Leonard Camplin is an adviser and conductor with the Fraser Valley Philharmonic Orchestra.

Leonard Camplin is an adviser and conductor with the Fraser Valley Philharmonic Orchestra.

Getting in tune with Leonard Camplin

Leonard Camplin is an extraordinary conductor who has performed throughout Canada, Europe, the United States and the Far East.

Leonard Camplin is an extraordinary conductor who has performed throughout Canada, Europe, the United States and the Far East. Many leading Canadian and international artists have performed under Leonard’s baton and many have applauded him for his outstanding leadership and incredible skill.

Maestro Leonard was born and grew up in London, England until WWII broke out. As an evacuee, he was transported to the Midlands to avoid the intense bombing that was taking place in an effort to subdue Great Britain. While he escaped the heavy bombing, he returned to other, less serious assaults, nonetheless. His father was a stoker in the navy and during the war, he lost his hearing completely. “After that, my father really couldn’t work,” he said.

Leonard left school at the age of fourteen; a combination of the need to earn a living and a desire to move on with his life. “I had a number of jobs during that time and one of them was as a factory worker, helping to assemble farm equipment and that sort of thing.” It was also during this same time that he fell in love with the violin. “I was interested in music. I had been a choir boy in London and while I was living with my aunt, I had noticed that they had a violin. The smell and look of the violin fascinated me. I didn’t touch it for fear that I’d break it,” he laughed. With a loan from his brother, he bought his first, brand new violin. “It even came with a case and a bow,” he said exuberantly.

Aspiring to learn to play the violin proficiently and professionally, he began attending the prestigious Guildhall School of Music in London. “I took on a milk delivery job in order to be able to pay for my schooling. I got the job quite easily because the men that would otherwise be working, were at war,” he explained.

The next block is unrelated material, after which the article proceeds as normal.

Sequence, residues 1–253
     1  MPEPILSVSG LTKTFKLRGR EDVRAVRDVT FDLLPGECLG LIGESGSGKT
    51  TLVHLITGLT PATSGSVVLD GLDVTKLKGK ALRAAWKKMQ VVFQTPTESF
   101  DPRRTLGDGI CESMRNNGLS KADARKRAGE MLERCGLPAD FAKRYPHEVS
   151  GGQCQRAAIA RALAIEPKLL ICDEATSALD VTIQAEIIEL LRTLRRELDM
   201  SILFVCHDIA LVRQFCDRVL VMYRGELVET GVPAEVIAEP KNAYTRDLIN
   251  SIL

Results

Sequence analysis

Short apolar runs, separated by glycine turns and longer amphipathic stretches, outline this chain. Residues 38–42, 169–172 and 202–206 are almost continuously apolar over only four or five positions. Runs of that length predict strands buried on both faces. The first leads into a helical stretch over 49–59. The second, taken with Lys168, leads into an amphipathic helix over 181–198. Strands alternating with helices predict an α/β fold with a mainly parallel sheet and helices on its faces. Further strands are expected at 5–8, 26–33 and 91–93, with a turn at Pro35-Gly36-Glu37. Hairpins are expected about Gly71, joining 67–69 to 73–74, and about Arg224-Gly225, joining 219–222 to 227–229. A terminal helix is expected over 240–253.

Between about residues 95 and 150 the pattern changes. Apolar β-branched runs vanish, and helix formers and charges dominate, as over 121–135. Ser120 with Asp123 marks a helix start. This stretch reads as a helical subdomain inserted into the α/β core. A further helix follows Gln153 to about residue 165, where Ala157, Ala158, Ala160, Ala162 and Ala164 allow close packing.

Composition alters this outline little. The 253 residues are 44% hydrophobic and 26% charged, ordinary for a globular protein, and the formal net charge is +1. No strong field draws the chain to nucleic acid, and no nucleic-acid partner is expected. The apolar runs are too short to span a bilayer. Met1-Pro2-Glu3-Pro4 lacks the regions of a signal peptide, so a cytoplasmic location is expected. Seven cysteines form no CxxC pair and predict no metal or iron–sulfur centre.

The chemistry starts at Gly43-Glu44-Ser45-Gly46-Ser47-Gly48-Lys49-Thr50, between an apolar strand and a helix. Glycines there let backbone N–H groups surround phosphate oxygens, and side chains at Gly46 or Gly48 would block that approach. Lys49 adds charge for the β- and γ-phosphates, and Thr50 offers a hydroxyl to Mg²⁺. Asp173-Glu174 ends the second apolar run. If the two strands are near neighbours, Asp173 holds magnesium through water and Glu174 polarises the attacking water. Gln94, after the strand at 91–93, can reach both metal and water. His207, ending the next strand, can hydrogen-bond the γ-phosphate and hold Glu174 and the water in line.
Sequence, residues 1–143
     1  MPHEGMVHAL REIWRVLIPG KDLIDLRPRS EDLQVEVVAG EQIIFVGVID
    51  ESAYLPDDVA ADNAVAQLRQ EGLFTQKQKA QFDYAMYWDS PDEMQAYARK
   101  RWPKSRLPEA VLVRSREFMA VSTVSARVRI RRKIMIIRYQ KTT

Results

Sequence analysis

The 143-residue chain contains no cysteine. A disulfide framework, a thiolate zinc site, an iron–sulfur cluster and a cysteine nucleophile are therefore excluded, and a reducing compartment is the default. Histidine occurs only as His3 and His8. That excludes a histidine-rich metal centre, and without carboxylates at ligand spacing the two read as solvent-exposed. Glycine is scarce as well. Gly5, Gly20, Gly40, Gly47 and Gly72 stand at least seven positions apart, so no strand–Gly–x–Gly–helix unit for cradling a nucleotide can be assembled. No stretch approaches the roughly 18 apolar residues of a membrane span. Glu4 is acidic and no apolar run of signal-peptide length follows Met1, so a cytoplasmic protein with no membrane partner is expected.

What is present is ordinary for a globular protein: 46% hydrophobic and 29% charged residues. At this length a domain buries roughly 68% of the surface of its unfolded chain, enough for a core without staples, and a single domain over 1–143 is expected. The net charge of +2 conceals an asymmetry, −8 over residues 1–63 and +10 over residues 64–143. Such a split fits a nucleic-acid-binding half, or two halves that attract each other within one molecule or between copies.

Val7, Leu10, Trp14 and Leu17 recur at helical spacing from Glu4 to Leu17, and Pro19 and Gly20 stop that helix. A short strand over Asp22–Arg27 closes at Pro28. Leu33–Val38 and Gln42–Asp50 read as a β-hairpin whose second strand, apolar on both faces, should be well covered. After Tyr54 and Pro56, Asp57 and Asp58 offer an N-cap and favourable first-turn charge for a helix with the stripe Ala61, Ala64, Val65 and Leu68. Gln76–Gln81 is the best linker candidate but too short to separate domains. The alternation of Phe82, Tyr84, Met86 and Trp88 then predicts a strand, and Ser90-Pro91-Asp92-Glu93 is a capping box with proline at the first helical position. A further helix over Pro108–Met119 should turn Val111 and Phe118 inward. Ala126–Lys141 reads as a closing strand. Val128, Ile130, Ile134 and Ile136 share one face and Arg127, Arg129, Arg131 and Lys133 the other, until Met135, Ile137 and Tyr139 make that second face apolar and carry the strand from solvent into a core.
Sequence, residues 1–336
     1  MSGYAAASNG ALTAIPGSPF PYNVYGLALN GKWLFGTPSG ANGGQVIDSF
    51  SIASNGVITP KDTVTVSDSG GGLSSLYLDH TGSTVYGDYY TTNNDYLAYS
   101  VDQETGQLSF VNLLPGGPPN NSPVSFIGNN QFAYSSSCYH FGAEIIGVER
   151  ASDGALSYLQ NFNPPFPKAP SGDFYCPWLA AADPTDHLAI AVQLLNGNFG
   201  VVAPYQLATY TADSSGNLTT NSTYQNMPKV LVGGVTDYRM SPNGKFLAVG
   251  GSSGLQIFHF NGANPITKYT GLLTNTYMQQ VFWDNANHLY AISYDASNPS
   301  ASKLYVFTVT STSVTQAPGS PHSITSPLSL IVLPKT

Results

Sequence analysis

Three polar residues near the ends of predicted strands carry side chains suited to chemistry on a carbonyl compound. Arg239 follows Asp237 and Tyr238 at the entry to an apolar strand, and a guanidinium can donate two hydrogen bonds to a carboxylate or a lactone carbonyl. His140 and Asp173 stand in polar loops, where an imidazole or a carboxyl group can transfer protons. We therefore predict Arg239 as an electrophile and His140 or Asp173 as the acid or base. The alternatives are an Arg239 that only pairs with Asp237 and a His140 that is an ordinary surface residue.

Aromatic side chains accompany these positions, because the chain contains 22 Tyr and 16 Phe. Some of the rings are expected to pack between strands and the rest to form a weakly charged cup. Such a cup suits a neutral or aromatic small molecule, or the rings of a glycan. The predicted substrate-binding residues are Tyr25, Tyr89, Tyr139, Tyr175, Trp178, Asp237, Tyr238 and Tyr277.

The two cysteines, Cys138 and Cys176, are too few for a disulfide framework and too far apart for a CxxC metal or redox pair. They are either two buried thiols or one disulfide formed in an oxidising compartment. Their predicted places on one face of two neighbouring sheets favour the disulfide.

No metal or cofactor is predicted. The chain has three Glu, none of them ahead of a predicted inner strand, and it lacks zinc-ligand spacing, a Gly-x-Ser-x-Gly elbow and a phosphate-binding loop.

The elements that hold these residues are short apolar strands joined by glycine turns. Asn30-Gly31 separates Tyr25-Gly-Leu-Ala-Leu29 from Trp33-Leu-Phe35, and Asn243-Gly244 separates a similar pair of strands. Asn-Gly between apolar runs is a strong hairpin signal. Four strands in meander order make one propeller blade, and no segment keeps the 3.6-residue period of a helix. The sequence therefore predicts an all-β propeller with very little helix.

During this time, Leonard was encouraged to audition for the British Army. One thing led to another and he applied to the Royal Fusiliers, City of London Regiment and he was accepted. He became an oboist since he was required to play a band instrument. “I was shipped from London to Scotland for twelve weeks of gruelling training and after that time, I was sent back to England for four more months of advanced military training,” he said.

He was selected to attend the Royal Military School of Music (Kneller Hall) in London and after graduating in 1955, became the British Army’s youngest bandmaster. After being transferred to Germany as part of the British Army of the Rhine, he studied at the Essen School of Music in Germany and received private tuition lessons in Berlin as well as in London. Leonard’s military career also led him to Hong Kong for a couple of years.

He returned to Britain to find the military amalgamating their regiments. “Given the fact that I was the youngest bandmaster, I honestly thought that I would be reorganized out of a job,” he said, frankly. So, he made the decision to immigrate to Canada and in 1959 landed a job as music supervisor in the Sturgis School Unit in Saskatchewan. During this time, he was successful in gaining a full music credit for music students towards graduation in all Saskatchewan schools. In addition to his duties as music supervisor, Leonard also played oboe with the Regina Symphony Orchestra.